There are some very talented writers working on female heroes. Gail Simone; Waid always does them well; call me a slut for him, but Warren Ellis treats ‘em right; Giff, of course; Rucka with Tara Chace and that new SCU boss … and of course a few others. But what we need, really need, is some good female VILLAINS. Somebody maybe a little different from the Madonna/whore complex of Selina Kyle or the “deadly kiss” of Poison Ivy. Even Harley Quinn, as much fun as she is, is a villain because she’s Joker’s girlfriend.Now in recent years, my superhero diet has been restricted down to the occasions when Snarky Brit Masters --- Moore, Gaiman, Ellis --- deign to write for the genre, plus Busiek's delicious but infrequent visits to Astro City. But regular readers of my blog know that superheroes are as dear to my heart as pirates. So why hadn't I noticed this?
It’s time for some cunning bastard with a double XX-set. Some woman who, when she pops up with a grin on the JLA viewscreen, makes Batman’s teeth grind.
Conan Doyle created Irene Adler in 1891. And comics are still catching up?
In the superheroine department, things are surprisingly good, especially considering that the primary audience of the genre. You have Wonder Woman together with Superman and Batman among the Big Three characters. The X-Men are pretty badly misnamed, as just about half of the characters to fill out the X-Roster over the years have been women, including many of the most beloved and interesting of them: Storm, Rogue, Jean Grey in her many variations, plus pretty cool second-stringers like Kitty Pryde, Jubliee, Dazzler, and a zillion others. In fact, many of the most interesting second-stringers in the superhero biz are women: Black Canary, the Wasp, Black Widow, and the coolest of the many Captain Marvels. Don't forget the simply sensational She-Hulk, who isn't quite as silly a character as she sounds.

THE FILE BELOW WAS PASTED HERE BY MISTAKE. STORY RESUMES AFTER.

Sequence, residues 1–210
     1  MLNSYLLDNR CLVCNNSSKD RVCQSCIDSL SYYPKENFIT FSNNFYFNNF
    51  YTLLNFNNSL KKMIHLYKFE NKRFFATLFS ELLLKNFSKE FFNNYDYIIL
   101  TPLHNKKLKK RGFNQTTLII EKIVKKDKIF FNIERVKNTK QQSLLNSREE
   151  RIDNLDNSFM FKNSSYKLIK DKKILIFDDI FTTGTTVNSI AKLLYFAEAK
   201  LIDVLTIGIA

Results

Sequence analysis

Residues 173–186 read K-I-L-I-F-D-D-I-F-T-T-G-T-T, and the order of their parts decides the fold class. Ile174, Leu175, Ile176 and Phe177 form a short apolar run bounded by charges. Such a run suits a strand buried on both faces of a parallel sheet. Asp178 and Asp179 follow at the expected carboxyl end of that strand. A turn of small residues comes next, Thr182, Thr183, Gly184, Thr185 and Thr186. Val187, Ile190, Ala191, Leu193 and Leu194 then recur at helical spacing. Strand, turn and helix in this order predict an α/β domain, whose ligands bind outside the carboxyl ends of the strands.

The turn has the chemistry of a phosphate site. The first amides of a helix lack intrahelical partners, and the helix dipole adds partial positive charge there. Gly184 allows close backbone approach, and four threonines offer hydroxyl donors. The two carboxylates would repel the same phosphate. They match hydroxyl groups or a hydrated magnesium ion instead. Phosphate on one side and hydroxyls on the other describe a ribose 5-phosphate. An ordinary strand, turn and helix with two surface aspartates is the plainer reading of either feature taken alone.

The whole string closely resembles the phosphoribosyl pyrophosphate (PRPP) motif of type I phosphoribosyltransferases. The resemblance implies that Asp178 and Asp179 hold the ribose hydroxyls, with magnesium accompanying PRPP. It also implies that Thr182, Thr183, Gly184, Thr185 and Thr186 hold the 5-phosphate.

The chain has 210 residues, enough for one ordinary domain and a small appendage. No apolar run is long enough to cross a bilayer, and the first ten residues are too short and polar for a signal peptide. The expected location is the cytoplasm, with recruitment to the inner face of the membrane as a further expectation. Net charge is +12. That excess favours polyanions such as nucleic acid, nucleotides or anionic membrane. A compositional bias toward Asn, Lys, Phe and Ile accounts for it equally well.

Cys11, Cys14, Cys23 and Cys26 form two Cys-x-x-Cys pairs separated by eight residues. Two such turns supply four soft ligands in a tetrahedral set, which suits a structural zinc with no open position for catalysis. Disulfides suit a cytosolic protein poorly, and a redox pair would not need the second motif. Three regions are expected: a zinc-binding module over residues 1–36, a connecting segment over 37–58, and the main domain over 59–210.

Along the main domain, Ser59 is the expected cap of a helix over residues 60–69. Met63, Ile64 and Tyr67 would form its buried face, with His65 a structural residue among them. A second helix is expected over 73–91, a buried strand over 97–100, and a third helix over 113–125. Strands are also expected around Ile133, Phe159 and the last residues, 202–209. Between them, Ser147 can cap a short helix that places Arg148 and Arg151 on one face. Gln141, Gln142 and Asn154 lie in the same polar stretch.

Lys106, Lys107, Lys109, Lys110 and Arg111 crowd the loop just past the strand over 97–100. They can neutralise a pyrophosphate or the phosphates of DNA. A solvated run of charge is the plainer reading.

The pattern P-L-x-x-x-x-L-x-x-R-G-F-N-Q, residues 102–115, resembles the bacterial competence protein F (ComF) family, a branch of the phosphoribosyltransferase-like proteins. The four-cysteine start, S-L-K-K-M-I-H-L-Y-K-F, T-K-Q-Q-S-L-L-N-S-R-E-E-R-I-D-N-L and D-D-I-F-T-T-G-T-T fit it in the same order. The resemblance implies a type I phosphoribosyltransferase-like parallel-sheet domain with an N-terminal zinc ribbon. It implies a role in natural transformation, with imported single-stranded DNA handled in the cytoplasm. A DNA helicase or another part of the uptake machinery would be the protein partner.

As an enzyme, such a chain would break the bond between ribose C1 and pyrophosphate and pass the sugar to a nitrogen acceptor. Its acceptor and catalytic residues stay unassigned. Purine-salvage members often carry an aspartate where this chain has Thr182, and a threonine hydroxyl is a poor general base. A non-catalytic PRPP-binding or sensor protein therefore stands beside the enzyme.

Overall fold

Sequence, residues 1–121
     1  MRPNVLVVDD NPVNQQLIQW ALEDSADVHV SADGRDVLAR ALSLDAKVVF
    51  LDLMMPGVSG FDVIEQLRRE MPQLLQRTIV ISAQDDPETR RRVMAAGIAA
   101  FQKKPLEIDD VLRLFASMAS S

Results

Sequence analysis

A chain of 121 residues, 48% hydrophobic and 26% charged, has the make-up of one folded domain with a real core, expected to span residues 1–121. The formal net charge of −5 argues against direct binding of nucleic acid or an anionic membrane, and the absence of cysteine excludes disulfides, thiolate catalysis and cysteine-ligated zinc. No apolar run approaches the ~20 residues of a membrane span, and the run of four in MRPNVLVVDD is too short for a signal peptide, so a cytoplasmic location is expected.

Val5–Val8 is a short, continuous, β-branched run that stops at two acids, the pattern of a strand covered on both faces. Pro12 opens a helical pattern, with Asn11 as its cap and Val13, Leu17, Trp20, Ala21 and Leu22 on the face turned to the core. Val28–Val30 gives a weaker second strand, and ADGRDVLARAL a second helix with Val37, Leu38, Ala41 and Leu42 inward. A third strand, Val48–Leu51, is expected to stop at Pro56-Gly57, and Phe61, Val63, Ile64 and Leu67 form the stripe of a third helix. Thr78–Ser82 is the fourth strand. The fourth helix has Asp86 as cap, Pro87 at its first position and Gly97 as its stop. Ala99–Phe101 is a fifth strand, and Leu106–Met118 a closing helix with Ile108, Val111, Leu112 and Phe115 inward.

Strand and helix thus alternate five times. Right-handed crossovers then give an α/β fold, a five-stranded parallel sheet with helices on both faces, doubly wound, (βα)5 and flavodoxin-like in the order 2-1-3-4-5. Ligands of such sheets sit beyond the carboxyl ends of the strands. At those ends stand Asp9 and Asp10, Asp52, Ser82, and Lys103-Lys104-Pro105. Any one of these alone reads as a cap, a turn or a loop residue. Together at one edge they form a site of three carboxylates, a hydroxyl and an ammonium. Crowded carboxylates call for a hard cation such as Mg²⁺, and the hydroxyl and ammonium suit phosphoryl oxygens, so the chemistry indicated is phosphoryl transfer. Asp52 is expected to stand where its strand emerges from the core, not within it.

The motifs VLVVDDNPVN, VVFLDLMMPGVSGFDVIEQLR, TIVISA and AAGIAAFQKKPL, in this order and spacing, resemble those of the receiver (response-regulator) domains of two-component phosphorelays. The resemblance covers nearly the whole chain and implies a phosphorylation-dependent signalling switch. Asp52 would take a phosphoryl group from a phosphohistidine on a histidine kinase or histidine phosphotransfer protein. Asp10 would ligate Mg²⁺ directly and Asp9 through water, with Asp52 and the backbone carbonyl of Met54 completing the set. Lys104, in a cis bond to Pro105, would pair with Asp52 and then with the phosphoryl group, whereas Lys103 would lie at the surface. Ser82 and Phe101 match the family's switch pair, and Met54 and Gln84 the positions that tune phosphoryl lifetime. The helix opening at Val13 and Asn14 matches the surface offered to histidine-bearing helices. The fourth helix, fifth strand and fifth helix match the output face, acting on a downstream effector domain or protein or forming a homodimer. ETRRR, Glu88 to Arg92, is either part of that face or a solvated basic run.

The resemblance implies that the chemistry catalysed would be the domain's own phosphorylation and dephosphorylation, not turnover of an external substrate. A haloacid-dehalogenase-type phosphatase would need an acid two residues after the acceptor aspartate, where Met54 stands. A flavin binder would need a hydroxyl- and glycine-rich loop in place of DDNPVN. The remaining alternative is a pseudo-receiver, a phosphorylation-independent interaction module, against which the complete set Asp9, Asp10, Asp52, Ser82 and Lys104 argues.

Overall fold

And if you're up for a visit to the rarefied air I breathe with the snarky Brits, there's a feast. Warren Ellis gives us a bunch of nifty superheroines, the best of them being Jakita Wagner ... or maybe Jenny Sparks, who could probably defeat the whole soddin' Justice League while nursing a hangover from the night before. And I can't let this pass without mentioning Alan Moore more than atoning for his two Silk Spectres with the magnificent Promethea.
But great supervillainesses? Okay, you've got Elektra, supremely badass and cool. Catwoman, likewise. (What other character in any genre could deserve Julie Newmar, Eartha Kitt, Michelle Pfeiffer, Halle Berry, and ... surprise ... Gina Gershon and Adrienne Barbeau?) And Mystique in the X-Men films is great. And, ho-hum, as Rogers pointed out, you've got Poison Ivy who's, uh, kind of silly. And ... ah ... did I mention Elektra? Very tough, she is, and she has a great costume. Beyond these few, you're looking at the White Queen and Black Cat: other than being excuses to have exiles from the Victoria's Secret catalogue standing in the panel, is there any point to them?
And none of these are even close to the epic villain league of the Joker, Doctor Doom, Magneto, Darkseid, or Galactus. (Don't give me Madeline Pryor in Goblin Queen mode, okay? It's pathetic.)
What's up with that? It's weird.